K12 Security and resilience
This series of posts starting on Sep 21st , will explore the role of security management in the larger organizational resilience. It is a critical goal to achieve a higher level of resilience to recover and resume activities following disruptive events, no matter their nature. Covering mostly public institutions, these principles can be applied to the private corporate sector as well.
Can and should resilience still be a guiding principle in Security Planning for K12 ?
What is it that distinguishes schools versus local government? If we looked at it objectively, we could identify a number of similarities. They both should have a head office: City Hall / Town Hall or an Education Centre / School Board Admin building.
Head offices are the seat of governance with administrative functions required by the centralized nature of the organizational structure. This is where more thinking should be applied into the structuring of security management. A centralized model should work in the form of a SOC ( Security Operation Centre). The latter is a recipient of constant information making it the foundation of SSA (Security Situational Awareness). So the idea is that a combination of centralization and distributed networks would be the optimal organizational security structure. In practice the SOC would be the “eye in the sky” we are all so familiar with in sci-fi movies but once an event is occurring the individual locations i.e schools have to be the focus of the given emergency. Years ago, the concerns for school safety were not as acute as now but since Columbine and other extreme events , K12 security is no longer an after thought. School board administrators are more aware than ever of security matters . issues range from demonstrations that could be quite belligerent to individuals with medical distress acting out in a manner that might not be predictable.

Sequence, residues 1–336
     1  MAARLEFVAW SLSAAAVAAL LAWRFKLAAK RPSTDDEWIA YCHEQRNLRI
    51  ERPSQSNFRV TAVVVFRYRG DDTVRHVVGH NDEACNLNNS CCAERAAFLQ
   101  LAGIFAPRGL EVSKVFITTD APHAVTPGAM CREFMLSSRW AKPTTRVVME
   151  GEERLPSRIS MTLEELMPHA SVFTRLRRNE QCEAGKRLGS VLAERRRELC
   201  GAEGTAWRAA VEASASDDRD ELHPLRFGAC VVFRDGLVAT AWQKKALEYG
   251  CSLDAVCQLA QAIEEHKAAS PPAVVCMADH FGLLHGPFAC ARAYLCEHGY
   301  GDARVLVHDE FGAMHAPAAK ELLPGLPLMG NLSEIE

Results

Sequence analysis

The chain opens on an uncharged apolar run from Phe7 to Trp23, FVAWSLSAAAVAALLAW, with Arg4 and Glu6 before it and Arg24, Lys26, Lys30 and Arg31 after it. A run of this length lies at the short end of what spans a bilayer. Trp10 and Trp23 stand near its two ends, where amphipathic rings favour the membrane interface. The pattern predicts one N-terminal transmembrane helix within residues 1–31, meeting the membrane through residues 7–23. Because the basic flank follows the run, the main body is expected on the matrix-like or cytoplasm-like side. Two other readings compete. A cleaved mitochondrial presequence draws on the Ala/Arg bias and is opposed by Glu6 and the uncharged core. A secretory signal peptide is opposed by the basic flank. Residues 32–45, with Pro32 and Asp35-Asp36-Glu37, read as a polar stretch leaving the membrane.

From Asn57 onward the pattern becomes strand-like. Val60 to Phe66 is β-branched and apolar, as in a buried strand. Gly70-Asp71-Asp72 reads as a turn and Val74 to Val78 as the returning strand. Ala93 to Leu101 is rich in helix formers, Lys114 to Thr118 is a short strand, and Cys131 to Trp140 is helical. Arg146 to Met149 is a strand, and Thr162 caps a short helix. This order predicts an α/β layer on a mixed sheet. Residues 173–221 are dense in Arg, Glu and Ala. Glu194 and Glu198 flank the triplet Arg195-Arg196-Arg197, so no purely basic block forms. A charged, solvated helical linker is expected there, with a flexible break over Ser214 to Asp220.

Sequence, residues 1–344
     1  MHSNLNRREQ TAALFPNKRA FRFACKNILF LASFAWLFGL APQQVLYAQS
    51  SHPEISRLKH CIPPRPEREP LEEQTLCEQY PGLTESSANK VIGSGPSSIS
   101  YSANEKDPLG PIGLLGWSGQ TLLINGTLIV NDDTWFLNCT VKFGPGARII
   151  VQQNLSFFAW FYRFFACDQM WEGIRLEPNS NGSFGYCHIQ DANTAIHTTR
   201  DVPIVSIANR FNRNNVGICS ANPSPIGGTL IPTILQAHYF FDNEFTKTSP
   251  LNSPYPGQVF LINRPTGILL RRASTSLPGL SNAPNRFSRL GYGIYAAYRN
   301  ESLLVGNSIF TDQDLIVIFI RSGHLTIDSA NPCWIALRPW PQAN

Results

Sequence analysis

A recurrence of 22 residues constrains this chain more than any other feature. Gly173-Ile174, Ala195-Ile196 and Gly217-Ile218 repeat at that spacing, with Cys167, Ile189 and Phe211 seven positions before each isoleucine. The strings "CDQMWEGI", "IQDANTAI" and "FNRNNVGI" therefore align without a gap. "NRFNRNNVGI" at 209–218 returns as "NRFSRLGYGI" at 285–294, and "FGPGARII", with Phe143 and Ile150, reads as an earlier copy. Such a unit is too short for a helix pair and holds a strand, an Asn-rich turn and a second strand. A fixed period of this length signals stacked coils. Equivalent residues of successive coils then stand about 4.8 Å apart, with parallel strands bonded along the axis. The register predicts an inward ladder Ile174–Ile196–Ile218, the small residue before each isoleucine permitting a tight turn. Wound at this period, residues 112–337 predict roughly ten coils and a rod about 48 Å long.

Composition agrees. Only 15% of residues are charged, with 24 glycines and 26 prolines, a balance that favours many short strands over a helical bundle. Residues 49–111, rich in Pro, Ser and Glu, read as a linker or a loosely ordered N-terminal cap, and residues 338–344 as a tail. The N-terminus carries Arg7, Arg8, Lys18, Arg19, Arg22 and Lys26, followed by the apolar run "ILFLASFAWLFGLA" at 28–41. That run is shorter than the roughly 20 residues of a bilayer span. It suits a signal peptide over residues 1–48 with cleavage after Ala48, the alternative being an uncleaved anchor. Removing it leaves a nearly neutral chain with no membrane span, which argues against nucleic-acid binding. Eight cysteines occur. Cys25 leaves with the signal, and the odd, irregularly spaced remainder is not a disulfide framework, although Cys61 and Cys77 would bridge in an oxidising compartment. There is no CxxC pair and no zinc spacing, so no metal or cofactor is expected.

A good question to ask would be : what happens when communications are cut-off due to a power or a cell service provider outage? And we did experience these situations in various jurisdictions on a regular basis with the most memorable being August 2003, when the entire Eastern Seaboard ended up blacked out for days.
The pertinent issue then is : we simply don’t know how people “addicted” to their smartphones would react to a serious systemic breakdown, no matter how short it might be.
The new digital infrastructure is truly a wonder of modern technology, providing a great platform for communicating meaningfully as long as it is up and running. What happens when a disruption occurs? A land telephone line, not VOIP, may be the answer. I do know that it sounds as if we were going back in time but older systems seem to have more built in resilience than the state of the art optimized wonders.
Schools do face a new stream of threats they may not have had to deal with on such a pervasive basis. The idea, at least in the US, was that inner City schools may have been perceived as more at risk than others. What Columbine , Sandy Hook , WR Myers in Alberta and other incidents have shown is that the pair threat/risk is an equation for all to address regardless of location. No assumptions, rely more on available data and field assessments. It is almost cliché to state that failure in risk management is mostly due to limited imagination. Picture worst case scenarii and assess the likelihood of occurrence. Risk exposure will range from highly likely, low impact to very highly unlikely but devastating impact.